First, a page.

Basis of Invokana Lawsuit
The Invokana lawsuit is against the drug manufacturer for failure to warn about the risk of Invokana causing diabetic ketoacidosis (DKA). The Invokana lawsuits allege that Johnson & Johnson and their subsidiary Janssen Pharmaceuticals, Inc. failed to warn both prescribing doctors and patients of the potential risk of Invokana causing diabetic ketoacidosis. If identified and treated properly, diabetic ketoacidosis can usually be reversed quickly and easily. Unfortunately, most patients that have experience Invokana-induced diabetic ketoacidosis are not being properly diagnosed and treated. Failure to treat diabetic ketoacidosis in a timely fashion can result in extended hospitalization, organ damage, and even death. Our Invokana lawyers believe that if Johnson & Johnson would have provided adequate warnings on Invokana, then many physicians would not have prescribed Invokana, patients would not have consented to taking Invokana, and the signs and symptoms for Invokana-induced diabetic ketoacidosis would have been monitored closer. All Invokana lawsuits filed in Federal court have been consolidated into a Multi-District Litigation (MDL) in the United States District Court for the District of New Jersey under Judge Brian R. Martinotti. There Invokana lawsuits consolidated in New Jersey state court, where Johnson & Johnson is located. Invokana remains on the market in the United States, even as the lawsuits continue to pile up.
Invokana, also known by its chemical name canagliflozin, came to the market in the United States in 2013. Invokana was approved by the United States Food and Drug Administration for the treatment of adults with Type 2 diabetes. Invokana was the first of a new class of medications called sodium glucose co-transporter 2 (SGLT2) inhibitors to be approved for use in the United States. Invokana is touted as an oral, once-daily medication to improve glycemic control. Johnson & Johnson claimed that clinical trials also showed that Invokana was effective at reducing body weight and systolic blood pressure. However, these clinical trials were apparently unable to detect that Invokana could induce diabetic ketoacidosis.
FDA Action Regarding Invokana
Warning: Invokana Increases the Risk of Diabetic Ketoacidosis
On May 15, 2015, the FDA issued a warning that Invokana could result in too much acid in the blood, a condition known as diabetic ketoacidosis. The acid that will accumulate in the blood of a patient taking Invokana are called ketones. The FDA warned patients to pay close attention for any signs of ketoacidosis and to seek immediate medical care if symptoms occur. The FDA decided it was necessary to warn patients that Invokana could cause diabetic ketoacidosis after 20 Invokana-induced diabetic ketoacidosis cases were reported. Most of the patients had only been taking Invokana for around 2 weeks. Signs and symptoms of Invokana-induced diabetic ketoacidosis include:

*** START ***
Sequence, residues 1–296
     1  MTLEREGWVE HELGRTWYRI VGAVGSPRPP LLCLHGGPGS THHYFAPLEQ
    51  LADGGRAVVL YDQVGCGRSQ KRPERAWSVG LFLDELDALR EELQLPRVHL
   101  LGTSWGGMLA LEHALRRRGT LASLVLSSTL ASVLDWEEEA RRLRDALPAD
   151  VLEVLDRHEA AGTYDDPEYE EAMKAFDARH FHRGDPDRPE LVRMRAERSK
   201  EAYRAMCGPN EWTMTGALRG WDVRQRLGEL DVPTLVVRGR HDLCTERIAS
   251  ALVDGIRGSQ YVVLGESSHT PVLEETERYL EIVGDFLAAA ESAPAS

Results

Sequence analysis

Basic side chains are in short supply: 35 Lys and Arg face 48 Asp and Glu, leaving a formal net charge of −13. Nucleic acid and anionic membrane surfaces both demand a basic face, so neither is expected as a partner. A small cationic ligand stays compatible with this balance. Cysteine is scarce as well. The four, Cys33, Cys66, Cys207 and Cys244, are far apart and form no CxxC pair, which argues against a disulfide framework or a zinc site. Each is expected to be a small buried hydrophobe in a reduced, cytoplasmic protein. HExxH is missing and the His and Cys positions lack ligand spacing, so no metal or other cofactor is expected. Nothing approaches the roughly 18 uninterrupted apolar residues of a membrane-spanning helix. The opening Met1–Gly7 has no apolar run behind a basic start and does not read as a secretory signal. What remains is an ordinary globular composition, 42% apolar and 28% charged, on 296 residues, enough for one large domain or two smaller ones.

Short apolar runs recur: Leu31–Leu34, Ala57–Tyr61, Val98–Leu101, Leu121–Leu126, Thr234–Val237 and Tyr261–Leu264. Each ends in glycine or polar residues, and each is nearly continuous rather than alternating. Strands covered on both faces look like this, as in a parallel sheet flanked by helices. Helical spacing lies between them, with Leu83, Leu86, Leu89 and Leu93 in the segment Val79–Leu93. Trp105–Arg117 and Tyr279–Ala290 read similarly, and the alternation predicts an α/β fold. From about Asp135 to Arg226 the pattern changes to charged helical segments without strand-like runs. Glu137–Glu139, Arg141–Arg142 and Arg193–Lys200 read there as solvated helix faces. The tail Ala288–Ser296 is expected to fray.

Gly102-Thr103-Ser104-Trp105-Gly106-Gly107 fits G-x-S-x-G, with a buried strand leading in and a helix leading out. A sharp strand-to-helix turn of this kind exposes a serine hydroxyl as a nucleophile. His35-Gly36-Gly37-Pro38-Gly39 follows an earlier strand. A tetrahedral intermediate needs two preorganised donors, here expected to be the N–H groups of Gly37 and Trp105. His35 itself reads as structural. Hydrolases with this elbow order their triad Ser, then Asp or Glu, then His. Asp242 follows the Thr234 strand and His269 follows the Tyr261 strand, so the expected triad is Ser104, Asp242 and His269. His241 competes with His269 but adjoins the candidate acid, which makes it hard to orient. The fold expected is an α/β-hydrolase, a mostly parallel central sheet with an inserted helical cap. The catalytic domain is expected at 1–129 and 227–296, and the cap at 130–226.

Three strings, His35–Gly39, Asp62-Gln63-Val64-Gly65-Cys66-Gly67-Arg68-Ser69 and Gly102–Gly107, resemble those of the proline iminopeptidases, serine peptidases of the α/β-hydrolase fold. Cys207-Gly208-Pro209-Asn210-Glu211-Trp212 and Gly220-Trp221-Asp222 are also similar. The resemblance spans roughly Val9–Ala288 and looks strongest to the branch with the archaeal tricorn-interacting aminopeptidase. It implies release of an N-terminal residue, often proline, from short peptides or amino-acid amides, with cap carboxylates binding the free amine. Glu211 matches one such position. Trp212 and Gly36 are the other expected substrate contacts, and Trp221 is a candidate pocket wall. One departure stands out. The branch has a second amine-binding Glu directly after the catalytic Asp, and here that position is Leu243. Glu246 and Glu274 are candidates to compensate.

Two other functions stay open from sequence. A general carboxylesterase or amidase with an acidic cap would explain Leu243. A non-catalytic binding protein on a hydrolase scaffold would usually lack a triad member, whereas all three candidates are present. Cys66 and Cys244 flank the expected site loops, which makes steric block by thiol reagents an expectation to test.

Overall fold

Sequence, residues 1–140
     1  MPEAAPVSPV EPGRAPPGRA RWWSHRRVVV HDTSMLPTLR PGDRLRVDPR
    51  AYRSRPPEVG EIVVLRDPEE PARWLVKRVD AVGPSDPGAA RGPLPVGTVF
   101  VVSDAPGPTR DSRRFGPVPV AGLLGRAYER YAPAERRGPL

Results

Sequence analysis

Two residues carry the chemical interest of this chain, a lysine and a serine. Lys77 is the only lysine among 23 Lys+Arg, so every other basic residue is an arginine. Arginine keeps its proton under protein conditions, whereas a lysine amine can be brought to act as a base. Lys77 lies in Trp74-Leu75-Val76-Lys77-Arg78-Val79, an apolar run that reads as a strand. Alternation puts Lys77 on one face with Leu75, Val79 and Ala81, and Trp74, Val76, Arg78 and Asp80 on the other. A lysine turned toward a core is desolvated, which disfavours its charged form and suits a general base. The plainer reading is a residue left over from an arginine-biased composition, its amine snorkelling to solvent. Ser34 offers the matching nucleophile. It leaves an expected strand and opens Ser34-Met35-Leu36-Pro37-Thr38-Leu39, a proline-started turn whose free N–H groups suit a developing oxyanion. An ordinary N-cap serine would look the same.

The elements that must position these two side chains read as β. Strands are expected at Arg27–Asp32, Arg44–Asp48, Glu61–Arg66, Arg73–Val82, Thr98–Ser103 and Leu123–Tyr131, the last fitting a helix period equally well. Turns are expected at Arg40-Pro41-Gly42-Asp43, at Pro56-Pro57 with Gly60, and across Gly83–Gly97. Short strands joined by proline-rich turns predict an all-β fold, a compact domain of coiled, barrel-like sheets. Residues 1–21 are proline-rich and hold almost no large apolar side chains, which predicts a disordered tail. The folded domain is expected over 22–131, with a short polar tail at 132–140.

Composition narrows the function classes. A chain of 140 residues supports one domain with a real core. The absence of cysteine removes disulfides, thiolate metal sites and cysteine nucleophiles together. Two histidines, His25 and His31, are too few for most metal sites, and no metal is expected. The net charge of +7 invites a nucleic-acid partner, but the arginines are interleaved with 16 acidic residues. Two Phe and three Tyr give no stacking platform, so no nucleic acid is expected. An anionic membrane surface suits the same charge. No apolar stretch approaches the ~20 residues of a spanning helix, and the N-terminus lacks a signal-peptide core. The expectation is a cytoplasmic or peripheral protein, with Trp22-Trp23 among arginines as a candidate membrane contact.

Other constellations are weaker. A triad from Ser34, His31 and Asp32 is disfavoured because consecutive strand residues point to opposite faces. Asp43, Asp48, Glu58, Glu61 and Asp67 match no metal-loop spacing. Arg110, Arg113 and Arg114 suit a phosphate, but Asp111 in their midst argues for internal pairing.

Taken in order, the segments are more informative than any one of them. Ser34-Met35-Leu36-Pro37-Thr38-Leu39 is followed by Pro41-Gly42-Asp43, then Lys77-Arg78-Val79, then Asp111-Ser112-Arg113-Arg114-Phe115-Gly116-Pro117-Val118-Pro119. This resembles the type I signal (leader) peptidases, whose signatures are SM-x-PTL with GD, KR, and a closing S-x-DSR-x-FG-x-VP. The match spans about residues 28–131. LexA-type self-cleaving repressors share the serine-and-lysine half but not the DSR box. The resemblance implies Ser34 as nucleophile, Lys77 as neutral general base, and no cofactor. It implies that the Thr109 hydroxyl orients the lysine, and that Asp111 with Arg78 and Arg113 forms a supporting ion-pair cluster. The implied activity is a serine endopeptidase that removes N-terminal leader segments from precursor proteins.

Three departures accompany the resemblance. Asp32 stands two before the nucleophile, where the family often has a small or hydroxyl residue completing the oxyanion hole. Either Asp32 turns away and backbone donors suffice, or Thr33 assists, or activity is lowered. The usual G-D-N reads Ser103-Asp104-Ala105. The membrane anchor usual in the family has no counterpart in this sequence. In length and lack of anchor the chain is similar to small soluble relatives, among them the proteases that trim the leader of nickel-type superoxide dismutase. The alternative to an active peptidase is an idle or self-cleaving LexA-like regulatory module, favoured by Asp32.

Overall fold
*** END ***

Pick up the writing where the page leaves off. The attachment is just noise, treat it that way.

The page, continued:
- Difficulty breathing
- Abdominal Pain
- Unusual Fatigue or Sleepiness
- Increased Thirst
- Fruity Smelling Breath
Warning: Invokana Increases the Risk of Bone Fracture
After Invokana had been on the market for over 2 years, the FDA required a label change on Invokana on September 19, 2015. The FDA required the label warn that Invokana could increase the risk of bone fractures and decrease bone mineral density. The FDA noted that bone fractures could occur as early as 12 weeks after starting Invokana. The FDA also warned that Invokana had been linked to a decrease in bone mineral density at the hip and lower spine.
Warning: Invokana Increases the Risk of Acute Kidney Injury
On June 14, 2016, the FDA required Johnson & Johnson to add a stronger warning to the label of Invokana, warning about the risk of acute kidney injury. The FDA required the stronger warning because it had received over 100 adverse event reports regarding Invokana causing acute kidney injuries. The FDA advised that Invokana can cause a serious condition in which the kidneys suddenly stop working, causing dangerous levels of wastes to build up in the body. Signs and symptoms of acute kidney injury can include decreased urine or swelling in the legs or feet. The FDA then notified physicians that if an acute kidney injury occurs while taking Invokana, the physician should promptly discontinue the drug and treat the kidney impairment.
Warning: Invokana Increases the Risk of Amputation
On May 16, 2017, the FDA released a safety announcement to patients and health care professionals that Invokana increases the risk of leg and foot amputations. The FDA warning was the result of two large clinical trials that were conducted after Invokana was introduced into the market. The FDA advised patients to contact their health care professional as soon as possible if they experience any new pain, tenderness, sores, ulcers, or infection in the legs or feet. All diabetics have delayed healing, but those on Invokana experience even more complications and delay in wound healing. Clinical trials have revealed that Invokana doubles the risk of amputation in diabetic patients.